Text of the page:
Go Dad Go!

A self-important blog about riding bikes, raising kids and the all-too-rare nexus of these two pursuits.

Saturday, July 18, 2009

Update: Stages 13 & 14

I thought this might be a feel-good Tour. With Armstrong coming back (ostensibly) to promote cancer awareness, and with guys like the Killer and the Cobra out of the Tour (not to mention the Chicken), this one had the potential to be all high-fives and double-cheek kisses.

This didn't come to pass.

Instead, this is the Tour of division, dissension and occasional derision, with teammates, countrymen and even old friends turning on each other.

From stage three it became clear that Armstrong and Contador would be frenemies, not compadres, and that Brunyeel was no Phil Jackson when it comes to managing competing egos.

Meanwhile, the riders have been angry at the organizers for route choices and the two-stage radio ban. Kloden's mad at Brunyeel for not turning the bipolar Astana leadership into what surely would be the most fractious triumverate since Octavian, Mark Antony and Lepidus. Tom Boonen's angry at the world, which keeps flinging crashes and punctures at him; Jens Voigt nearly went apoplectic at the Mavic wheelman for a slow change; Denis Menchov must be furious at himself for not resting on his Giro laurels; and everyone's angry with the French because they've had the nerve to win a couple of stages.

I'm waiting for all-time peloton nice guy Carlos Sastre to start swinging spindly punches at the next person who doubts his ability to repeat his victory.

We're even feeling it close to home, where word on the Montclair street is that Howard is angry with me for swiping Contador (totally justified), and Thornton's wife is frustrated that he spent so much on Cavendish (unverified, but justified).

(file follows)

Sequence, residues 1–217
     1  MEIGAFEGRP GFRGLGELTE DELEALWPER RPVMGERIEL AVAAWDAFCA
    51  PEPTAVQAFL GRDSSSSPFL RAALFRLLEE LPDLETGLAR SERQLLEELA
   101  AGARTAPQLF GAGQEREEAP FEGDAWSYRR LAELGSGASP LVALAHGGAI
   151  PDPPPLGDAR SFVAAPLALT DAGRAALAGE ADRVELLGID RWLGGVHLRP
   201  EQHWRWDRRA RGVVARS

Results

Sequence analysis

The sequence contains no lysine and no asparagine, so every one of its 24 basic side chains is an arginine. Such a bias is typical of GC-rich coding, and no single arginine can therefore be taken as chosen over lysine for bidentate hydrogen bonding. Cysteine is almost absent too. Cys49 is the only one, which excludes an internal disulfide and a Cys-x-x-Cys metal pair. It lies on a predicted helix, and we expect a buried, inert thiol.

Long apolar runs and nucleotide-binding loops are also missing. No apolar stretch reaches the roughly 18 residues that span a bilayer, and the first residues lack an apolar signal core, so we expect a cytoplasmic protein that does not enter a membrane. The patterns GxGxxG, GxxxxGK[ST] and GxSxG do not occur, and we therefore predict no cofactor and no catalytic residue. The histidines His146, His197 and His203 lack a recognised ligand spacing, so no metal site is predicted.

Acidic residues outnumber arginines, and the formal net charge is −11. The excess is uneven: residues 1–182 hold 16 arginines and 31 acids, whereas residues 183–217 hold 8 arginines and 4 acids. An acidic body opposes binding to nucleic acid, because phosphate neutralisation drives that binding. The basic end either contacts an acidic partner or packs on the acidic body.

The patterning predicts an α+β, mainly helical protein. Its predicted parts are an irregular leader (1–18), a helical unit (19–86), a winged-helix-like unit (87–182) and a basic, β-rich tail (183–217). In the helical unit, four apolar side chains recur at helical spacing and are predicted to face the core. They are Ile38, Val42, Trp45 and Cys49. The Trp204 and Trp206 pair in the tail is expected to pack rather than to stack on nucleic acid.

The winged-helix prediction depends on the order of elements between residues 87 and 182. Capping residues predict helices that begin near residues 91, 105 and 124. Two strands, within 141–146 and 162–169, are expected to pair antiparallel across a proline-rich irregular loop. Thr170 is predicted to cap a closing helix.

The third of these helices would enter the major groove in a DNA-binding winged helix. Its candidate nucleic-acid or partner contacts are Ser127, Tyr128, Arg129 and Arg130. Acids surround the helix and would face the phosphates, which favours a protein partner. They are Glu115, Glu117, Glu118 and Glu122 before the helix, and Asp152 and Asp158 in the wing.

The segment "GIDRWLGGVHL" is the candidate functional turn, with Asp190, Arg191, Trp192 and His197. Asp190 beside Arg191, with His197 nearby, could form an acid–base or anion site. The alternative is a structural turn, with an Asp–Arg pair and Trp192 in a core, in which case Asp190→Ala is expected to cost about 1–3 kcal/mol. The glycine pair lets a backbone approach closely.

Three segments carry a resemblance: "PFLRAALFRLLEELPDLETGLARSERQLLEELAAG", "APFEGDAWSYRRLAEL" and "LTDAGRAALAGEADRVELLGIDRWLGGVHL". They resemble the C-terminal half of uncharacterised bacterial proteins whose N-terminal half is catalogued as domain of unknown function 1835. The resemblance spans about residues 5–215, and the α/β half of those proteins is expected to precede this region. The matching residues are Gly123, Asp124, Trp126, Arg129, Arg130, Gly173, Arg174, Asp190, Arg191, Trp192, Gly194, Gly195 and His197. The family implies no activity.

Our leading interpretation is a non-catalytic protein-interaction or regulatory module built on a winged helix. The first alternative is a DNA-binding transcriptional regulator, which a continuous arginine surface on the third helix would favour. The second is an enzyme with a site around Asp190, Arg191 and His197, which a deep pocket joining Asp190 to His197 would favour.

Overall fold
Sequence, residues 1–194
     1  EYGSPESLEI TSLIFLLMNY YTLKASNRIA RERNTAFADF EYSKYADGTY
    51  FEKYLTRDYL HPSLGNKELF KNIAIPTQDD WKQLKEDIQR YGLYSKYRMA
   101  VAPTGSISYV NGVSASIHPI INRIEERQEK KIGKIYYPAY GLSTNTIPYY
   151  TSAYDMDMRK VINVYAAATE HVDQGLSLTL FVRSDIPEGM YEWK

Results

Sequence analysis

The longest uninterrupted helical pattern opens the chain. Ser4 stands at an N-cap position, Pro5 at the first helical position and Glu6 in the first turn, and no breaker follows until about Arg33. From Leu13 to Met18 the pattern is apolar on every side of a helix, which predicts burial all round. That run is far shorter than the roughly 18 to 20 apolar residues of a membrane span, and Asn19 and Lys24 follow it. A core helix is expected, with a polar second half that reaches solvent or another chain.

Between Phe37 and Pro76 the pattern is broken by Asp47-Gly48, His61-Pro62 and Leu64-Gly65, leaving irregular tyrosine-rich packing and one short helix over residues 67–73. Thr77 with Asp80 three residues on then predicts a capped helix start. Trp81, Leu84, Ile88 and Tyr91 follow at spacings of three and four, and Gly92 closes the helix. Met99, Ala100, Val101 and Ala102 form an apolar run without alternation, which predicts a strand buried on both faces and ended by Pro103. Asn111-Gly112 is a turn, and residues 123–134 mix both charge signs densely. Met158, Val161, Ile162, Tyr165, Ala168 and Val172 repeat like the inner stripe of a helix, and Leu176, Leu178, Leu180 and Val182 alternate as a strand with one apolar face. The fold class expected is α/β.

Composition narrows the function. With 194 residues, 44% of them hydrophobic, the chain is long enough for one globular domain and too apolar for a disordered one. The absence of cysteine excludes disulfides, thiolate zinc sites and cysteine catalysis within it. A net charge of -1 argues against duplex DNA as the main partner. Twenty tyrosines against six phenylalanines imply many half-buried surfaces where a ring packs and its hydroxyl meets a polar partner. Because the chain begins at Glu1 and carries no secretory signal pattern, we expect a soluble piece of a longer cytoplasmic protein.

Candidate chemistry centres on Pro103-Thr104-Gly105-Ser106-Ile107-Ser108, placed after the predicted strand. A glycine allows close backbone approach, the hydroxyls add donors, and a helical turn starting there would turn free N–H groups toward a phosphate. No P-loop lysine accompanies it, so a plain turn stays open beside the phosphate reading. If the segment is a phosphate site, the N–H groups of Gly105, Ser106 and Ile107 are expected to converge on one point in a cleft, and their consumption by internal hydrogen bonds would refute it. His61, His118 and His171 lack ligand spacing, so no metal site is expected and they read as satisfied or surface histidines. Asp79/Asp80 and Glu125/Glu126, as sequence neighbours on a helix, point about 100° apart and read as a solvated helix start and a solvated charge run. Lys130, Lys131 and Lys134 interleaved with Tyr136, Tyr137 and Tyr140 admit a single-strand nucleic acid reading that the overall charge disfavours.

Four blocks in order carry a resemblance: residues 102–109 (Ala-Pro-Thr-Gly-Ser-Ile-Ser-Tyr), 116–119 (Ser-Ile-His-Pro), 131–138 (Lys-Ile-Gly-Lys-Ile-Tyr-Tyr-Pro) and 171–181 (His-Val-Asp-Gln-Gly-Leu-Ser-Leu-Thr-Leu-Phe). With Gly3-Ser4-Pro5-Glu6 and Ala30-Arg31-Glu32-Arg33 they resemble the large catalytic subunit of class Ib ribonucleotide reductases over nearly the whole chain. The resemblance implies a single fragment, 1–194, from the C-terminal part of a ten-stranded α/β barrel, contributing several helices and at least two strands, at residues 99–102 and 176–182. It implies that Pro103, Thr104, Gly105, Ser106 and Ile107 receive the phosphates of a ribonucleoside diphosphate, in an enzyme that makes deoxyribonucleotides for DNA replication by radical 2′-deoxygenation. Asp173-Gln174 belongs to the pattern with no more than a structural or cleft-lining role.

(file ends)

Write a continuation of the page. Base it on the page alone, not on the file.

How refreshing, then, was Cancellara's mid-race gesture of generosity towards David Millar, documented by Tom Carpenter a couple of days ago. Then yesterday we were treated to the sight of babyfaced stage victor Heinrich Haussler, he of dual citizenship and mutually inclusive national devotion, giving in to tears as he crossed the finish line, having powered away from Sylvain Chavanel and taking Jim Rusk's "Best Descender" title along the way.

I have no idea if Haussler's actually a nice guy, and am not suggesting he deserves his win any more than a typically self-aggrandizing winner...but I'll admit to feeling a catch in my throat when I watched him roll over the line.

Today's stage, though, swung us back to this Tour's polemics (a favorite word of European cyclists, for some reason), and now they're hotter than ever: Fan favorite and surely-deserving veteran George Hincapie broke away with 11 others. Before long their margin over the peloton, including Tour leader Nocentini, had grown to much more than the five-and-a-half minutes that separated Big George from the Yellow Jersey, and many observers assumed that the other teams, with little to gain from an acceleration, would soft-pedal the closing kilometers and allow George to spend at least one final day in jaune. Instead Garmin pushed the pace, and even Astana spent a bit of time at the front, Armstrong's allegiance to his compatriot and seven-time supporter notwithstanding. Sergei Ivanov powered away from the break for the win, and George followed sixteen seconds later, having led the group for much of the stage. An easy pace would likely have left Hincapie in yellow by a narrow margin, but instead Nocentini crossed with five seconds to spare, and will spend tomorrow in the Maillot Jaune. In an interview five minutes after the stage finished it was clear that Hincapie was very disappointed, and very angry.

Add to that some jostling between Hushovd and Cavendish in the closing meters of the field sprint, leaving Hushovd pissed at Columbia and Cavendish relegated to last place for the day, and we have a Tour brimming with invective and frustration, with the two American teams, Columbia and Garmin, ready to start shoving frame-pumps in each other's spokes.

Which sets us up for tomorrow: A mountaintop finish follows a number of smaller climbs. This route may begin to answer the Armstrong-or-Contador? question, may leave us with a new leader, and may even give the riders something to concern themselves with besides who-dissed-who and whether to wear earpieces or not.

And if it doesn't? I'll be angry.


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